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Using EXCEL to obtain a 95% bootstrap confidence interval for a mediation effect, ab

This word document gives details of how to obtain a bootstrap confidence interval for ab. Bootstrapping has the advantage of not assuming normality ie not requiring a large sample. An example file is given here. The spreadsheet (for complete cases upto a N of 500) also computes the Sobel, Aroian and Goodman asymptotic z-tests (see sheet 1). The input data is in sheet 1 and the bootstrap random samples are placed in sheet 2. The output includes a bootstrap output spreadsheet (Bootraw4) containing results of estimating ab from 1000 bootstrap samples. In this example the bootstrap 95% confidence interval given in the Bootraw4 spreadsheet is (-1.12, 0.42) suggesting there is no statistically significant mediation effect. This nonparametric confidence interval has limits which need to be computed manually. This is easily done by using PERCENTILE(A2:A1001,0.025) and PERCENTILE(A2:A1001,0.975) to correspond to the lower and upper limits respectively (as shown in the bootraw4 spreadsheet). A bootstrapped 95% confidence interval for a the standardized effect size, kappa-squared, as recommended by Preacher and Kelley (2011) may be computed here.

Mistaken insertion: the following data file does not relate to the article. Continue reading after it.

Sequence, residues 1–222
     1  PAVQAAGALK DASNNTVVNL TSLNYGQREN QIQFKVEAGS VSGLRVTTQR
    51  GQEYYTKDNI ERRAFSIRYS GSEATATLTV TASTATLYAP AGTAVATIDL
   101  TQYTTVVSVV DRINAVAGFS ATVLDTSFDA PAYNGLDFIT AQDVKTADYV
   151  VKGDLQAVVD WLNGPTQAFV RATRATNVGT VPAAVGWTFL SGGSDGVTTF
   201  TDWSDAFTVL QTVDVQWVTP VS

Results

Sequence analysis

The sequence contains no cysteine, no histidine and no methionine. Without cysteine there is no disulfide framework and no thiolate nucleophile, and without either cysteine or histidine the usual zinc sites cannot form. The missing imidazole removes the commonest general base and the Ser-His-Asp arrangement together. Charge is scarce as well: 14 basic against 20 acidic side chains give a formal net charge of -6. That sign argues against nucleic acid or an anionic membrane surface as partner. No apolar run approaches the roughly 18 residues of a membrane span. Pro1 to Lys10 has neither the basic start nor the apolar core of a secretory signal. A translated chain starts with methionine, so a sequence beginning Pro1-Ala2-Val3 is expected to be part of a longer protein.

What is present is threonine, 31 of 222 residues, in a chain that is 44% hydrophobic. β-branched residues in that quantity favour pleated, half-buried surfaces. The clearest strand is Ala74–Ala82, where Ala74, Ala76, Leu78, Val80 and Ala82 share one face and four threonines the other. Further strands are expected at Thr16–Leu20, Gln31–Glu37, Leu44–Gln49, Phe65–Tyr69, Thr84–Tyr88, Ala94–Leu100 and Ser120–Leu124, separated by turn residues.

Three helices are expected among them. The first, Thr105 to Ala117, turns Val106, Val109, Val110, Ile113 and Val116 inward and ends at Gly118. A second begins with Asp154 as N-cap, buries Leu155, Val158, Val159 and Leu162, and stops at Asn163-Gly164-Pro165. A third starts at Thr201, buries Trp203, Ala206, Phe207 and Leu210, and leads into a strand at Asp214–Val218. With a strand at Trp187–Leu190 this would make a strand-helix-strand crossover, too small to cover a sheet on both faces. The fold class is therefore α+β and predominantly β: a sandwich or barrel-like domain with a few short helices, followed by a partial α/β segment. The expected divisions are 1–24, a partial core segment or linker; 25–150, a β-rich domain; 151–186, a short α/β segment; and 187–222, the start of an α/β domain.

To compute the bootstrap confidence intervals in these spreadsheets you will first have to download a bootstrap macro from this website onto your PC so this can be added into the version of EXCEL on your PC (instructions are given on the website and are also given in the Word document here).

Note: You may find that that you cannot update cells in the spreadsheet with new data after you have run the bootstrap macro. This can be rectified by clicking on the office button (top left corner of spreadsheet) which has red, gold, blue and green squares on it, clicking the 'EXCEL OPTIONS' button in the bottom middle, 'FORMULAS' (second from top in left hand menu) and selecting 'AUTOMATIC EXCEPT FOR DATA TABLES' in the 'Calculation options' menu at the top of the resultant window and, finally, 'OK'.


Preacher KJ and Kelley K (2011). Effect size measures for mediation models: quantitative strategies for communciating indirect effects. Psychological Methods 16(2) 93-115.

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